Refinitiv held today the 13th MENA Regulatory Summit in partnership with the Union of Arab Banks and the MENA Financial Crime Compliance Group. More than 40 panellists debated the global regulatory landscape and its influence on the MENA region, including financial crime risk, de-risking, financial inclusion and the digital revolution in financial services, such as cyber security, cryptocurrency and blockchain.
Wissam Fattouh, Secretary General of Union of Arab Banks (UAB)and Chairman of the MENA Financial Crime Compliance Group (MENA FCCG), said: “For several years, the Union of Arab Banks has been closely monitoring the development of correspondent banking relationships. UAB has organised a series of activities and awareness campaigns in several countries across the globe including the UAE, Kuwait, Bahrain, Qatar, Egypt, Oman, Jordan, Turkey, among others.”
Mr. Fattouh noted that today we are witnessing increased reliance on financial technology which aims at improving operation efficiently and reducing human intervention in baking operations. “The absence of successful Regtech applications my result in risks that transcend cybersecurity. The Arab banking sector is one of the largest sources of development and lending for private and public sectors. By the end of 2018, the Arab banking sector assets reached 3.5 Trillion dollars which represents 140 percent of GDP, while the sum of deposits reached 2.2 trillion dollar and loans touched 2 trillion dollars,” he pointed out.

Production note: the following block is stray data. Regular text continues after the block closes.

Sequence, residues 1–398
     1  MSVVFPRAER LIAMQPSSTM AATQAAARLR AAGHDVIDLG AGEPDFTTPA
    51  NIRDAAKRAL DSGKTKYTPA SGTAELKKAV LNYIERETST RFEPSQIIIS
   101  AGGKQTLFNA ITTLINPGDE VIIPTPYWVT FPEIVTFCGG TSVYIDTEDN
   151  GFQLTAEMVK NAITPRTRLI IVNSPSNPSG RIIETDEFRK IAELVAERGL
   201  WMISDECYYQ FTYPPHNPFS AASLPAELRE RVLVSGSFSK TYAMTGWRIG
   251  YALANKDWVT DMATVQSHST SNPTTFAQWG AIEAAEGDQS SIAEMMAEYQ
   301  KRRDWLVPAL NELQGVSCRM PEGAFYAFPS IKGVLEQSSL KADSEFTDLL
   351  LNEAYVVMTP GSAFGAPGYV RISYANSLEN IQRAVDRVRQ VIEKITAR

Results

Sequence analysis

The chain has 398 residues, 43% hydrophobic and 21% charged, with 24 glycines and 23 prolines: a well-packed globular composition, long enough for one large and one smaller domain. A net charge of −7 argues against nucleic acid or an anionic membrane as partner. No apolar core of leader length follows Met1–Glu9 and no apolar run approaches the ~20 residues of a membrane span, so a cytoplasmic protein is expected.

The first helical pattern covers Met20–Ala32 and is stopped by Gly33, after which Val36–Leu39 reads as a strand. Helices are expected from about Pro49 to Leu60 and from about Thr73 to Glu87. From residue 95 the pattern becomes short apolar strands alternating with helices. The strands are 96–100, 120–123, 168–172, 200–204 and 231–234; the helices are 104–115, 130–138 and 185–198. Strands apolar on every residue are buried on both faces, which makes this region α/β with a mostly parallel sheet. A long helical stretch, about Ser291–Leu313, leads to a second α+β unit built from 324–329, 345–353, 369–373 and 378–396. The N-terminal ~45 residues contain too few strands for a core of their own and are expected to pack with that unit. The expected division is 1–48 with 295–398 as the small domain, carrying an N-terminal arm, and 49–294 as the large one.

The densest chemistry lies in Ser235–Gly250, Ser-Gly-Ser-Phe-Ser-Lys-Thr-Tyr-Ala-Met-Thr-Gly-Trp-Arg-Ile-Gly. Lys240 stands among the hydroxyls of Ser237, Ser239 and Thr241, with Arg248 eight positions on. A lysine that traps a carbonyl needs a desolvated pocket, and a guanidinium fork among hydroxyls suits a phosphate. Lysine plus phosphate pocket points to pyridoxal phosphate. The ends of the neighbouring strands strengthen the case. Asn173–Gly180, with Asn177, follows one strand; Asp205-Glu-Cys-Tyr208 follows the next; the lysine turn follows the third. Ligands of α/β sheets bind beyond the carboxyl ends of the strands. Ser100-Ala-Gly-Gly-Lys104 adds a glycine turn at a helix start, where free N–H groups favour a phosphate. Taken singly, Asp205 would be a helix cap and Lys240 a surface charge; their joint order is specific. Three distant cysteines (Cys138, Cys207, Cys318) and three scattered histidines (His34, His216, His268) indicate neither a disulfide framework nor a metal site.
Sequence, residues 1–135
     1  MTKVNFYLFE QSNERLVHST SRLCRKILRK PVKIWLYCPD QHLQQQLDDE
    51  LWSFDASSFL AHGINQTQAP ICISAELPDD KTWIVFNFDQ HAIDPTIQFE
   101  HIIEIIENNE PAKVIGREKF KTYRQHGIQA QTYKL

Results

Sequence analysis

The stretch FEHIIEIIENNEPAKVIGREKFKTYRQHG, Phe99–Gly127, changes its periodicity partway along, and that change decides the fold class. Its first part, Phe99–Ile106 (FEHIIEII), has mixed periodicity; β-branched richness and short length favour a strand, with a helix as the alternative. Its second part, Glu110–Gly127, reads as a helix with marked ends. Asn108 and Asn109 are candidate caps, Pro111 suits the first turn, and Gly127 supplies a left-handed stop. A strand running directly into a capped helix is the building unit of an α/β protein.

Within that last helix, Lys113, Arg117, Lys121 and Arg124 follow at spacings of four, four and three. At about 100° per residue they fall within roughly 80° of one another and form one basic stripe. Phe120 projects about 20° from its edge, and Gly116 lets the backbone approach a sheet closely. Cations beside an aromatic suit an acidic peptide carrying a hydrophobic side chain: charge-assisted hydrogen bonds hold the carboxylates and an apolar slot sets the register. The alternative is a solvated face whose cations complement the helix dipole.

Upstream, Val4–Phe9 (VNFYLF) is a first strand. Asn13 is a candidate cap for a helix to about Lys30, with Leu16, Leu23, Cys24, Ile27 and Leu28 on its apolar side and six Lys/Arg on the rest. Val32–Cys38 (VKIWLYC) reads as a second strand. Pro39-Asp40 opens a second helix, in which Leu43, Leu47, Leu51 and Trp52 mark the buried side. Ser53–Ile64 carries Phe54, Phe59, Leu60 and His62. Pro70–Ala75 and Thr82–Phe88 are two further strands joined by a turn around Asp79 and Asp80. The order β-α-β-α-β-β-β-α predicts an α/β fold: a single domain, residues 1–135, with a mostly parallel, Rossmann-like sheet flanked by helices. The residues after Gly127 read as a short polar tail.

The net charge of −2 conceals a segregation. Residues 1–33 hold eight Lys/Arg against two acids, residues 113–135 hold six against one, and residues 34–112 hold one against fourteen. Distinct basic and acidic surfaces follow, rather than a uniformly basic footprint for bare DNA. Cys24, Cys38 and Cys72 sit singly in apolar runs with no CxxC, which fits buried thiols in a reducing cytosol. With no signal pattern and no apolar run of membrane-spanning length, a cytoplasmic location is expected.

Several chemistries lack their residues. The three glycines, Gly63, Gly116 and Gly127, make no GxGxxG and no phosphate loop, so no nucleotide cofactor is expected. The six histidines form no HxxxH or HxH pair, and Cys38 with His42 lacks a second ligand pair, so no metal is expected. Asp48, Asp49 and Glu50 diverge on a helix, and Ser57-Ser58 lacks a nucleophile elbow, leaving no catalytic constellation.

Mr. Fattouh cited a study by the Union of Arab Banks noting that 52 million Arab citizens are illiterate, 7 million of whom are between the ages of 15 to 25 and 4.5 million who have not attended school. “The UAB has developed a series of social initiatives ranging from social awareness sessions and training programs to promote financial education.
Bryan Stirewalt, Chief Executive of the DFSA said: “Financial crime risks are a key regulatory priority for the DFSA and an important area of focus for the UAE. The DFSA has been one of the key stakeholders involved in the UAE’s FATF evaluation preparations and will continue to support the FATF Mutual evaluation process as it goes on. The DFSA and our regional and international regulatory peers share a common goal in fighting financial crime. Given the enhancements to the UAE framework and the recent updates to the DFSA’s AML framework, the DFSA will be hosting a dedicated Financial Crime Conference on 25 March that will cover the UAE National Risk Assessment, AML Federal Legislation as well as the DFSA Financial Crime Prevention Program for 2019.”
Mr Abdul Hafiz Mansour, President of MENA FATF 2018 and Secretary General of the Special Investigation Commission, Lebanon FIU, noted: “We have come a long way since the introduction of the 40 recommendations three decades ago. In the 1990s, these recommendations became the standards in protecting the global financial system from money laundering.”